The Conventional Wisdom Is Wrong: The GOP Has Moved To The Middle Too Much, Not Too Little.
According to the latest Zogby Poll, Bush’s approval rating has plunged again and weak Republican support has a lot to do with it:
“President Bush’s job approval rating dipped two points in the last three weeks, despite the foiling of an airline terror plot and the adoption of a cease–fire deal between Israel and Hezbollah forces in Lebanon, a new Zogby International telephone poll shows.
The survey was conducted Aug. 11–15, 2006, included 1,018 respondents, and carries a margin of error of +/– 3.1 percentage points.
The numbers continue to reflect erosion in the President’s political base – just 62 percent of Republicans give him positive marks for his job performance, while 38 percent give him negative marks.”
The conventional wisdom you seem to hear for politicians always seems to be, “When in doubt, move to the middle!” Yet, a big part of the reason that Bush and the GOP are in trouble this year is because they’re following exactly that advice.
Just look at Bush’s approval ratings among Republicans and you’ll see what I mean.
In 2004, Republicans, like Democrats, were responsible for 37% of the electorate. In this Zogby poll, Bush is at 62% approval and 38% disapproval among Republicans. That’s an enormous drop from the 93% approval and 6% disapproval that Bush got from the GOP during the 2004 elections.
So, let’s do some very rough math. If Bush has lost about 1/3 of his support from Republicans and the GOP were to again make up about 37% of the electorate, then that drop would be responsible for about 12 points that have been shaved off his approval rating. If you were to add 12 points on to Bush’s ratings, that would push Bush up to a 46% approval rating. That’s still not great, but at that level, Bush wouldn’t be a drag on the ticket in most parts of the country either.
So, why has Bush’s approval rating dropped so much among Republicans? You could blame it on war weariness, high gas prices, bad press after Katrina, the Dubai Port deal, Harriet Miers, refusing to cut spending, Bush’s immigration stance, and Bush’s refusal to fight back against the Democrats’ non-stop attacks on him.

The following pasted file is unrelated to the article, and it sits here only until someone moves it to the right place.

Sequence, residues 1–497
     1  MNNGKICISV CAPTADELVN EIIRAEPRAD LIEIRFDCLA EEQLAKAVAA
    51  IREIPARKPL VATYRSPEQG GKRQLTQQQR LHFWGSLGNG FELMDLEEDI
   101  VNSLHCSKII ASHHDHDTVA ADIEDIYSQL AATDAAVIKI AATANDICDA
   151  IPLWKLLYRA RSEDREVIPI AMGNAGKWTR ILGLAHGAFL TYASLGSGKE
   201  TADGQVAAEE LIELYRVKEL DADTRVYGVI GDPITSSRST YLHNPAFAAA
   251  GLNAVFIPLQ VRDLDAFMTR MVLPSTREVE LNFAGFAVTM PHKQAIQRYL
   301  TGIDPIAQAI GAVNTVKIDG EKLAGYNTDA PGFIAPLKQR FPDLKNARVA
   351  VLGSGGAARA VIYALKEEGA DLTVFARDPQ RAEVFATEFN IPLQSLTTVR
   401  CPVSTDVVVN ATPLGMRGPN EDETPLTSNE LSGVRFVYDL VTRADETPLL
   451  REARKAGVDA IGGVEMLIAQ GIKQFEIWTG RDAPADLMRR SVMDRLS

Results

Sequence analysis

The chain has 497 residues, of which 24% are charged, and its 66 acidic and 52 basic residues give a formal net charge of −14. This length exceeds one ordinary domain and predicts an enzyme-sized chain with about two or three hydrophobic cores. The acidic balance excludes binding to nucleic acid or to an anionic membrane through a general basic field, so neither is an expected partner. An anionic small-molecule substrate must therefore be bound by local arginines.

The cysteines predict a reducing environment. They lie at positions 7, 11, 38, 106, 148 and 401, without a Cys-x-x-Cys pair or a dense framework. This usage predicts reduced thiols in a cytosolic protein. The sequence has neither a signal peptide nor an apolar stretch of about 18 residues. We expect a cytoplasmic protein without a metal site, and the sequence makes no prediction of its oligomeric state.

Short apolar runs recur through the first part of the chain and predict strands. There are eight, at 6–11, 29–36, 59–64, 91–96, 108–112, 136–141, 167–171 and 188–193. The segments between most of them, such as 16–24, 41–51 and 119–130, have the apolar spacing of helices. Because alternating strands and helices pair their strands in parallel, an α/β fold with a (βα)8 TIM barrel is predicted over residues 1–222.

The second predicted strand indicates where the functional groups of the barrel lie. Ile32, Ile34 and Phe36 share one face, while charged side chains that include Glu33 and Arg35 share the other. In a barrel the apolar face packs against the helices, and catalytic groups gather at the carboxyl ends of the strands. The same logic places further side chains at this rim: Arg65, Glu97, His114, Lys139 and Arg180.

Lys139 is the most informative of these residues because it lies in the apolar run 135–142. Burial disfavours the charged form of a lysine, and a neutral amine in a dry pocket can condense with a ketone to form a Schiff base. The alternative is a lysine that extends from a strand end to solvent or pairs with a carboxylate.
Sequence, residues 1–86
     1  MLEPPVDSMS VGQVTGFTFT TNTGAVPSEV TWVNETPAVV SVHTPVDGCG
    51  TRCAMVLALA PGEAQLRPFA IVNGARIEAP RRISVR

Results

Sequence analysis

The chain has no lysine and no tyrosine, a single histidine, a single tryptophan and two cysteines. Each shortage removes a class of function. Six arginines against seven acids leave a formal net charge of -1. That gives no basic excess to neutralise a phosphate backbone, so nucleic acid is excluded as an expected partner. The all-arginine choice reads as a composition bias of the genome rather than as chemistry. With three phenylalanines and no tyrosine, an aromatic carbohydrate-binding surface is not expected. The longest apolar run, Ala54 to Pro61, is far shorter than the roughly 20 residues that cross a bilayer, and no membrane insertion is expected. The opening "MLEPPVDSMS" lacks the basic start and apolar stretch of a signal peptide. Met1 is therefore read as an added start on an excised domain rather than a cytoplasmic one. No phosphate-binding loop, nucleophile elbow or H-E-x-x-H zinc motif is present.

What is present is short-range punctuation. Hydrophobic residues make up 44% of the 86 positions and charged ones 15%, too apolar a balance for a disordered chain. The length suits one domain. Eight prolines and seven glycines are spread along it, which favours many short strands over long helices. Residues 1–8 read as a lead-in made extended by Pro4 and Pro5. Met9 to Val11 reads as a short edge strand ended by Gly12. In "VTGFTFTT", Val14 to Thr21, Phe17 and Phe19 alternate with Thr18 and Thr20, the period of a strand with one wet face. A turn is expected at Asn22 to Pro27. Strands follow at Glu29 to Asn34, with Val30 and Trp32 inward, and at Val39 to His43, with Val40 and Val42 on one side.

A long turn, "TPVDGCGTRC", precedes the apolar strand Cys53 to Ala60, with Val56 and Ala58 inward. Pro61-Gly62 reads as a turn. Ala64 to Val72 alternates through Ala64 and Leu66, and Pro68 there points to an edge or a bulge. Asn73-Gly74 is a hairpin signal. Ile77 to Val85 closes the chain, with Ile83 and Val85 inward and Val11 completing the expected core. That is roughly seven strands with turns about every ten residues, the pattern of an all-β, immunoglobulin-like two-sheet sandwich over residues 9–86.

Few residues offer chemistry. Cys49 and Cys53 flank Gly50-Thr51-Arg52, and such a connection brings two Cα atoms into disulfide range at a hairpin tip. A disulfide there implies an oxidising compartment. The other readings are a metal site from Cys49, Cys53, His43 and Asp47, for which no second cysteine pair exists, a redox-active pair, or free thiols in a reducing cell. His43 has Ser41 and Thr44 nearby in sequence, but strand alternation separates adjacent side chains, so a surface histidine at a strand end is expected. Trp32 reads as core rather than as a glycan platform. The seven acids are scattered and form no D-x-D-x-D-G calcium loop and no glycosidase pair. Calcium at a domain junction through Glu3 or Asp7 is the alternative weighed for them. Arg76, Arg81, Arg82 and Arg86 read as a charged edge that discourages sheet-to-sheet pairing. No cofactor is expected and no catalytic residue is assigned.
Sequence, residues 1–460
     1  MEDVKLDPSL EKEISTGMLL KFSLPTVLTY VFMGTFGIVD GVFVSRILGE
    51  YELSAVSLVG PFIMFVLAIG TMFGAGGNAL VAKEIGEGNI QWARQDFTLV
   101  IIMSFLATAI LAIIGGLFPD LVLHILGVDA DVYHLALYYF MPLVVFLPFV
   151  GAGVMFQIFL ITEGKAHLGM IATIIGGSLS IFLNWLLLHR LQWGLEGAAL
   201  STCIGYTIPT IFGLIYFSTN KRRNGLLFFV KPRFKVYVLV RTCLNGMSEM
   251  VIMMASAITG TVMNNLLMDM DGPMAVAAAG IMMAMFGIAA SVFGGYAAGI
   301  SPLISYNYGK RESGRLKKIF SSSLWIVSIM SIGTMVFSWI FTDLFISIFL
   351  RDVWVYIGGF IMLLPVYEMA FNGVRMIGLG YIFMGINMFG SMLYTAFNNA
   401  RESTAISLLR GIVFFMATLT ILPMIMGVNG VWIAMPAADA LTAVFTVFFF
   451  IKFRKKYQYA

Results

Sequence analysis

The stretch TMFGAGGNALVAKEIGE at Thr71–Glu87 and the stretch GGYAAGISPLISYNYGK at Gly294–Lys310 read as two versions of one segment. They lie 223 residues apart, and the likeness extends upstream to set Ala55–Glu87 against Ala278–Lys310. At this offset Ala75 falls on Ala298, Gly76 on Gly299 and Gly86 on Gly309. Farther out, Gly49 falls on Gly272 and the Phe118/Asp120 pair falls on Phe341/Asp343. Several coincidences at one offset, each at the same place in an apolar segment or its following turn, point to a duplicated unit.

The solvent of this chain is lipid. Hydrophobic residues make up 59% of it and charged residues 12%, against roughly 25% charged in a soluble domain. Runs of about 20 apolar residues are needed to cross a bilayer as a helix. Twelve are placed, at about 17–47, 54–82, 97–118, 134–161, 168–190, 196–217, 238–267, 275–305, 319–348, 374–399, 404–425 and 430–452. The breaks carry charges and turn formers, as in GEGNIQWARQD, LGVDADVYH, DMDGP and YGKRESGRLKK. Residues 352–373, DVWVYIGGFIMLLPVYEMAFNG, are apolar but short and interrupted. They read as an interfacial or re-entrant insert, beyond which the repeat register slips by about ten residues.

But, if you look at all the damage that has been done to Bush’s rep with conservatives, you’ll note that much of it has been self-inflicted. Bush chose to back the Dubai Port Deal publicly even after the base perceived it to be a monumental screw up. He pushed Harriet Miers, a candidate that was so unacceptable to conservatives that they rallied to defeat her. And illegal immigration and spending? Those are the number one and two issues that conservatives have been complaining about.
Which brings us back to the conventional wisdom. Given that the public is very displeased with the performance of the Democrats as well, had Bush and the Republicans in the Senate done nothing but try to please the Republican base on all the issues listed above, they would have much more Republican support right now and certainly wouldn’t have to worry about losing the House. In fact, the GOP would have probably been in position to break even this year or perhaps gain seats.
Moreover, other than the war, there’s not a single issue where the GOP is paying a significant price for sticking to conservative principles. Heck, to tell you the truth, I’m not even sure that Iraq is a significant minus given that a lot of Republicans are making their support for the war, and the war on terrorism in general, the centerpiece of their campaigns (And no, I don’t think stopping the minimum wage or stem cells are going to have a significant impact in November).
Does that mean that conservative politicians, Bush included, are always making a mistake by moving to the center? No, but they are doing it way, way too often. So often, in fact, that they’re significantly eroding conservative support for the GOP. This year, unless something radically changes, Republicans can only hope to contain the damage at the ballot box. But, if Bush and the rest of the GOP are going to actually turn things around, they are going to have to do a better job of representing the Republicans that are voting them into office in the first place.